What did we as emergency managers learn in 2010?

Here’s a look back at some of the biggest lessons of 2010 and how we can apply them toward making 2011 more constructive

By Jeff Rubin, PhD, CEM

Nothing says “festive holiday season” like bowl games, competitive shopping and year-in-review columns. I would hate to disappoint this column’s readers (note the optimistic use of the plural), so here’s a “prospective retrospective” on what I think is worth looking at from 2010.

The economy
Regardless of your opinion of Bill Clinton, his focus on the economy had merit. With the near-misses in Times Square, Portland and Baltimore, it’s easy to miss the biggest threat to preparedness and prevention: lack of resources.

State and local agencies have had to make substantial cuts to just about everything, and the “easy” cuts were achieved long ago. Add that to declining federal grant programs and you have fewer people trying to do more with less.

Some cuts have included special programs or staff with specialized skills, all of which adds up to decreased capability to go along with decreased capacity.

Looking ahead: At what point will economic recovery show itself in local and state budgets? If the federal government actually decides to trim the deficit, how will that manifest in important federally supported programs?

January saw one of history’s worst natural disasters in Haiti, and February one of the biggest earthquakes in the past forty-plus years in Chile. The toll in Haiti bordered on incomprehensible, but Chile’s experience offered a rare opportunity to assess the impact of a great earthquake on a country with an active seismic history and modern building codes.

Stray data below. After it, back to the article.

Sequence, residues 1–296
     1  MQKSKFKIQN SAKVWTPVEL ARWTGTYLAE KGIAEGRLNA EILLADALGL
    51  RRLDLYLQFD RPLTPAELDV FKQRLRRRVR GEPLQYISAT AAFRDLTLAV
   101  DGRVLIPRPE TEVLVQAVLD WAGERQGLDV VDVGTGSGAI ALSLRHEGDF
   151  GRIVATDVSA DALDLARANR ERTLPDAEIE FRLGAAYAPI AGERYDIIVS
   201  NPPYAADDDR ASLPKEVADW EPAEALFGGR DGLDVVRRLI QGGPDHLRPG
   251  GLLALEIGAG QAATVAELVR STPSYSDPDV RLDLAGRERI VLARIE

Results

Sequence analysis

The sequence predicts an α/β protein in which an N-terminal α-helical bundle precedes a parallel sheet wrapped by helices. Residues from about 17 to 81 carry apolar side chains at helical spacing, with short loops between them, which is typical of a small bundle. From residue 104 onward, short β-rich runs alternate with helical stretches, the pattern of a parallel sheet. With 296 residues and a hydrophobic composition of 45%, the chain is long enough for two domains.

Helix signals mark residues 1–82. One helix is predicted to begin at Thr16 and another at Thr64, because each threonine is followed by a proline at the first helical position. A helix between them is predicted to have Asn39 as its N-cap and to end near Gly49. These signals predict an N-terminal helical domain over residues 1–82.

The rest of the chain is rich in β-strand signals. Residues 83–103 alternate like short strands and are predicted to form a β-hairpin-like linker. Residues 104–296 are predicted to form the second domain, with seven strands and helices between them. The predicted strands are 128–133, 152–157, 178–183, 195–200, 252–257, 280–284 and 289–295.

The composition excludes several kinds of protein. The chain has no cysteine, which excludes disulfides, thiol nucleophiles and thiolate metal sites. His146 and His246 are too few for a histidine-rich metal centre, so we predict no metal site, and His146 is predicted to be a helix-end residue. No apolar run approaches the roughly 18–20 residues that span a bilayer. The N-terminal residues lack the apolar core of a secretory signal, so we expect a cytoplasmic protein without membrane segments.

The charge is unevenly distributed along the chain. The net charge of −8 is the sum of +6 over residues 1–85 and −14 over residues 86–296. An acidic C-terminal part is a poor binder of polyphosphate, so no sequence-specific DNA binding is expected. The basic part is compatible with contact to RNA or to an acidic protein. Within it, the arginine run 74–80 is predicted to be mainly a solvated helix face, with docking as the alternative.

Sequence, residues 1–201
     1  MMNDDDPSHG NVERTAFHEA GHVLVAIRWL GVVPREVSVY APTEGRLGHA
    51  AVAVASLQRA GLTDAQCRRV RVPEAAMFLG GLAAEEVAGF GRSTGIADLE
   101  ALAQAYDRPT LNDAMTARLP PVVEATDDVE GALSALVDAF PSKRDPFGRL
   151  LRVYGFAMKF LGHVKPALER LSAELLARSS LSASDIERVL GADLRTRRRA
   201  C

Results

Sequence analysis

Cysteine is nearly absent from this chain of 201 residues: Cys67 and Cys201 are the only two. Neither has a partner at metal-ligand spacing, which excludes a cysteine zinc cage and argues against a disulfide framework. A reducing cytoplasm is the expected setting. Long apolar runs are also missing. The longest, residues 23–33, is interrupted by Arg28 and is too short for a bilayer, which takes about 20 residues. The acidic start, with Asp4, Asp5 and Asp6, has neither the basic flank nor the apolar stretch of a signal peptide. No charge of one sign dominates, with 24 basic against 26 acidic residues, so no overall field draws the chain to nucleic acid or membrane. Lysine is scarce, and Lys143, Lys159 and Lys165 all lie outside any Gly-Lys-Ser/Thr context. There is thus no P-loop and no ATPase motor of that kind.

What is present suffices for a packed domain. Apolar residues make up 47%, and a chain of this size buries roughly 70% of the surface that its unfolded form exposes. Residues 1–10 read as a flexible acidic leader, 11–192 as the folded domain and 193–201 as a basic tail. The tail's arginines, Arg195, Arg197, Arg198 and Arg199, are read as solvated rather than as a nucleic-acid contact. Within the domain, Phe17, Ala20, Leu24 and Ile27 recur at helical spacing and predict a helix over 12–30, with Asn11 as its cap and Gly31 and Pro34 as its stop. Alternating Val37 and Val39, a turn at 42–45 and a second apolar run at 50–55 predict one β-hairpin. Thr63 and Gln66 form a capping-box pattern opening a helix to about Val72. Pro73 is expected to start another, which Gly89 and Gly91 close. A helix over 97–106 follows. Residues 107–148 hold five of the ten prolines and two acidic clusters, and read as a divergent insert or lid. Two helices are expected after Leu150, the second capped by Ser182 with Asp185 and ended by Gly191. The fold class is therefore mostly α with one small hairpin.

We came away with five important lessons:

1) Building to current seismic codes enormously benefits life safety.

2) It is necessary to exceed code in order to have operational, as opposed to “just” survivable, buildings.

3) The general public has little appreciation for the degrees of seismic protection. For them, current codes mean “earthquake-proof.”

4) Most seismic building standards are based on “California-style” seismicity (short-duration shaking) and may not be effective in subduction-zone quakes with extended shaking.

5) Drop, Cover and Hold On works. The cascade of non-structural debris from Chile’s quake likely would have caused far greater casualties had it occurred during business hours, but not if people had been able to take immediate protective action.

Looking ahead: Will the Pacific Northwest, at risk for the same type of earthquake that struck Chile (also the same type that generated the catastrophic tsunami in December 2004), take Chile’s lessons to heart? Will public and private entities take the necessary steps to enhance post-quake operability of critical facilities? See “the economy” re: constraints.

The H1N1 pandemic officially ended in 2010, although its greatest impact in the Northern Hemisphere occurred in late 2009. The pandemic response demonstrated the ongoing, and already identified, limitations of the traditional, egg-based way of manufacturing vaccine and the gap between epidemiological and operational benchmarks for pandemic declaration and response, as well as the benefits of planning.

Looking ahead: Will the various domains involved in pandemic mitigation, preparedness and response act on the lessons? Will we finally see sustainable alternatives to vaccine manufacture? Will we update our plans, particularly our assumptions (remember the model of an H5N1 pandemic originating in Asia?), and will we continue to develop surge capacity and capability?